Impossible decision ... and patience is running out

Prime minister Boris Johnson has taken the decision to delay the final round of lockdown easing

Prime minister Boris Johnson has taken the decision to delay the final round of lockdown easing - Credit: PA

A rock and a hard place - that is the unenviable position Boris Johnson has found himself in. 

Risk fully reopening on June 21 in the face of rising infections or delay and disappoint so many?

Firstly let's bust a few myths.

The prime minister does not want the lockdown to continue. Telling people they can't do what they want is not a vote winner. That is why despots don't generally run democratic elections. 

Mr Johnson does not want to be the PM who took away freedoms again and again. He is liberal by nature.


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But he also doesn't want to be the PM  accused of allowing another deadly wave of Covid to claim lives and put the NHS in peril. 

In the end he has taken the view that another four weeks of caution is the lesser of two evils. 

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He can't win - and he knows it. This decision is taken only because the government believe the fastest way out of this is to softly put a foot on the brake.

But four weeks for a business that has been shut for 15 months could be the difference between survival and the dole queue.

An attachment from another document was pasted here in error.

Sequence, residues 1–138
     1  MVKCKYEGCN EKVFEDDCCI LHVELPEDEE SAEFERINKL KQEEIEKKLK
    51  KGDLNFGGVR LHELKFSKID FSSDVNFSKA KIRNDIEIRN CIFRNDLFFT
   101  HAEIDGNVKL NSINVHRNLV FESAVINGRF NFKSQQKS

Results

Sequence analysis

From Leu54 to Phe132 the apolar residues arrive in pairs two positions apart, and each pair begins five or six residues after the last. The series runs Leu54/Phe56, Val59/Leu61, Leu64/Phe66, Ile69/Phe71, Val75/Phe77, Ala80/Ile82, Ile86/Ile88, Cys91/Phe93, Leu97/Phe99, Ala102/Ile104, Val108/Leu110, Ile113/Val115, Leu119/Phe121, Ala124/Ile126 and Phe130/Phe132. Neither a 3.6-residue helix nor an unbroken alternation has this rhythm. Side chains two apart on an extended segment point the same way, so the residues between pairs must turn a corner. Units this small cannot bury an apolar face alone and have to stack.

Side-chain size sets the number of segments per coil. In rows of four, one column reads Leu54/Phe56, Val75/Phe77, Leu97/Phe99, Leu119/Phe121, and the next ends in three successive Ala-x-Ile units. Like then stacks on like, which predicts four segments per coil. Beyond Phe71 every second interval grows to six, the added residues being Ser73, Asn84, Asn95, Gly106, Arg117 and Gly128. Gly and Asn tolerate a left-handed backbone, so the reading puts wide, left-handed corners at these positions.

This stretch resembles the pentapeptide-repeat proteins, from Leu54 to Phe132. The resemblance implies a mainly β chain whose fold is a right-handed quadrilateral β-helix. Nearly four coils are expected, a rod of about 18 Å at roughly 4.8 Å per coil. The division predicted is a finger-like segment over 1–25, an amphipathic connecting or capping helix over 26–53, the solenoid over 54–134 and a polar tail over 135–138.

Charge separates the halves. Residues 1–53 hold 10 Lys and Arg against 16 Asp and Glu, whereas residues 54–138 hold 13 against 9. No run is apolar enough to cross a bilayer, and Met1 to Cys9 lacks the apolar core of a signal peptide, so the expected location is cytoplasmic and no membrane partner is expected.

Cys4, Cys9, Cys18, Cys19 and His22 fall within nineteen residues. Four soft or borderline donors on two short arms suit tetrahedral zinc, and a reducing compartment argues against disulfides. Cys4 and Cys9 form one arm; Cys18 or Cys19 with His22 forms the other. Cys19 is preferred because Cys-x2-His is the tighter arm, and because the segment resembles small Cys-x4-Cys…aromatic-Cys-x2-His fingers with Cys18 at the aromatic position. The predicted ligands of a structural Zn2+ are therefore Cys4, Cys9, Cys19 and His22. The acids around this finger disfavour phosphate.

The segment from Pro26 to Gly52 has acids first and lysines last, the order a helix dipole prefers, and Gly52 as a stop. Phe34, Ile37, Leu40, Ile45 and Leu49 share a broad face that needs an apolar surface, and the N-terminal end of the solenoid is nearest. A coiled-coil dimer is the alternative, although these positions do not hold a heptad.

It is easy to say "it's only another month ... what difference will four weeks make?" when your livelihood is not on the line. 

So, as much as we should trust the pushing back of restrictions is down to what the science is revealing, it is completely understandable that frustration and anger is growing.

For 15 months the things we have all taken from granted have been curtailed. For many people the situation is way beyond desperate. 

And look at the geographical infection breakdown - this is a four-week extension to get on top of an outbreak largely in the north west not East Anglia. 

But we know this virus doesn't stand still. If we can't beat it there we can expect it here before long. 

I think this is the last disappointment the public can stomach before it turns seriously toxic for Mr Johnson. 

Four weeks. As many jabs in as many arms as is possible. Come in East Anglia let's dig deep one last time. Let's swallow the anger one last time. And let's prove once and for all we have beaten this ghastly virus. 

One last time. 



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